Organizational Learning [] Learning Organization

The terms “organizational learning” and “learning organization” are mirror terms – they are comprised of the same words that are ordered in reverse.  Aside from making for interesting word play, the reciprocal relationship between the terms speaks to their underlying meanings. Organizational learning is a verb – the process of how organizations learn. Learning organization is a noun – an organization that learns.

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Nancy Dixon (1999) points out that organizational learning has been conceptualized by multiple researchers in multiple ways.  Some have very specific definitions and some have broad sketches.  They all share, however, concepts related to agency, change, and growth.  I resonate most strongly with Dixon’s discussion of organizational learning as the construction and reconstruction of meaning in a dynamic process.  In this view, knowledge and information are separated from learning and individual learning is separated from organizational learning.  Information only becomes useful when we integrate and  make sense of it to form knowledge.  When we take action on knowledge to adapt, grow, or change – then we are learning.  Dixon also points out that individual learning is not the same as organizational learning, even when multiple individuals in an organization learn.  Organizational learning requires a collective effort to share learning processes and outcomes in an integrated way.

The presence of learning does not necessarily lead to a learning organization.  Learning organizations make intentional efforts to engage in learning activities.  They have their eye on change.  They value new knowledge, meaning making, and growth.  They engage in the recursive process of learning, change, learning, and change.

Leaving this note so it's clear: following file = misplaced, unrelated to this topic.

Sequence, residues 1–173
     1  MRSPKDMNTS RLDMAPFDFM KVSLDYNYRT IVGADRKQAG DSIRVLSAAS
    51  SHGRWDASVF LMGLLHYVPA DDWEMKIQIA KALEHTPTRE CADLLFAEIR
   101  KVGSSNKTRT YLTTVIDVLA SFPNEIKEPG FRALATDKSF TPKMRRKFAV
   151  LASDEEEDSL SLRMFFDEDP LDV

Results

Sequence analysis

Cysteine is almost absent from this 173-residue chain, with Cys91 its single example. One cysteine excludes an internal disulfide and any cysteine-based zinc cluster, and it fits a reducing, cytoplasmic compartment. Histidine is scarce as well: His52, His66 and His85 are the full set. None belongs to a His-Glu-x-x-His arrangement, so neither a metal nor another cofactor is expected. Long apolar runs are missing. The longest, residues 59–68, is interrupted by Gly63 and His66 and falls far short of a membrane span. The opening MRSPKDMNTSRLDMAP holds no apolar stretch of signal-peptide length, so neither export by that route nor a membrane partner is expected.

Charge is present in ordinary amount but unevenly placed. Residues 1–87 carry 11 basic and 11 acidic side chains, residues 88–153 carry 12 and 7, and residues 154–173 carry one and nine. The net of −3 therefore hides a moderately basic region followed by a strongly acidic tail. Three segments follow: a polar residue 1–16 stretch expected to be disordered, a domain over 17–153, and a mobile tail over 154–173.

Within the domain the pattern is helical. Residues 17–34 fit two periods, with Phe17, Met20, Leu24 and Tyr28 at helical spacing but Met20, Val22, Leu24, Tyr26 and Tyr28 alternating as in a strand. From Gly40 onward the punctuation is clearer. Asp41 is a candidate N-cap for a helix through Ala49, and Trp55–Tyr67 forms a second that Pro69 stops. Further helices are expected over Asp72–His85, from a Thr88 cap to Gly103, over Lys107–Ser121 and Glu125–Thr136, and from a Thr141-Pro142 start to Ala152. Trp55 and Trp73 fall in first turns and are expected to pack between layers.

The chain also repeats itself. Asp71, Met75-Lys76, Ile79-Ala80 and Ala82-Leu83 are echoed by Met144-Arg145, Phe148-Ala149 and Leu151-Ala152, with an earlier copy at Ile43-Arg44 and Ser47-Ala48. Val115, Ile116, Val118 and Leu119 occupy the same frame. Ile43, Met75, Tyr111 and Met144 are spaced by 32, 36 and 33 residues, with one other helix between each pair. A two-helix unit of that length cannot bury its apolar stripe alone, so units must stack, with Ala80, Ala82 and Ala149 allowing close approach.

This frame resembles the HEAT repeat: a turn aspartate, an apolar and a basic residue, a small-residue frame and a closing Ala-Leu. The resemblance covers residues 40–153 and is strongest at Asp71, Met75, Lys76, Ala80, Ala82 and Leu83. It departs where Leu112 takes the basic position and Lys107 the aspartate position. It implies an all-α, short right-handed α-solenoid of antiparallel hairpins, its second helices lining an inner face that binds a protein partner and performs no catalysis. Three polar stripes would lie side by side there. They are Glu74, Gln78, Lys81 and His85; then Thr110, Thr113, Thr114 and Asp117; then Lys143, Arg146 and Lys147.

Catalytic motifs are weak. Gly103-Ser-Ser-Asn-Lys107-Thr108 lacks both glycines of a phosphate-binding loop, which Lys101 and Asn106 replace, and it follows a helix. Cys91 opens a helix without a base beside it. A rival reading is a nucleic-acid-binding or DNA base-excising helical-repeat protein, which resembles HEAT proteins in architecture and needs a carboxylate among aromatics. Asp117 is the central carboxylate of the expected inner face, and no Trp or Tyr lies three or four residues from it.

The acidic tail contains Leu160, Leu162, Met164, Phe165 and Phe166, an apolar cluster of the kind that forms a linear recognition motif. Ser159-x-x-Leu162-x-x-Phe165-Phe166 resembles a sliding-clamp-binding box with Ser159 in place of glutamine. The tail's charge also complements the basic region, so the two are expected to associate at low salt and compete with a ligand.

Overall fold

In other words, they see themselves in both sides of the mirror.

2 thoughts on “Organizational Learning [] Learning Organization

  • September 25, 2017 at 6:15 pm
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    Jen, thank you for your thoughtful comments. I love the construction and reconstruction analogy of organizational learning as well. It is the meaning making that we construct out of the integration of new knowledge that lends itself to individual and organizational learning, although, as you said, the presence of individual learning does not necessarily mean there is organizational learning. Intentional efforts by organizations to engage in learning activities, as you stated, requires a collective effort to disseminate our shared knowledge.

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  • September 27, 2017 at 12:36 pm
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    Jen, I really appreciated your reflection on the difference between possessing knowledge and information, and the act of learning. Learning in this way is conceived as a process of meaning making in an applied manner. You describe the evidence of learning in this context as some sort of action carried forward by the organization. You state, “When we take action on knowledge to adapt, grow, or change – then we are learning.” This highlights the constant relationship between how an organization functions and its application of learning opportunities.

    “Dixon also points out that individual learning is not the same as organizational learning, even when multiple individuals in an organization learn. Organizational learning requires a collective effort to share learning processes and outcomes in an integrated way.”

    The gap between individual and organizational learning is widened by what I consider to be pockets of awareness. That is, silos of information that reside in particular departments or individuals that are not communicated in a way that allows for organizational use or management of that knowledge. These pockets of awareness can exist in a given context independent of one another, even when the goal is to bring them together.

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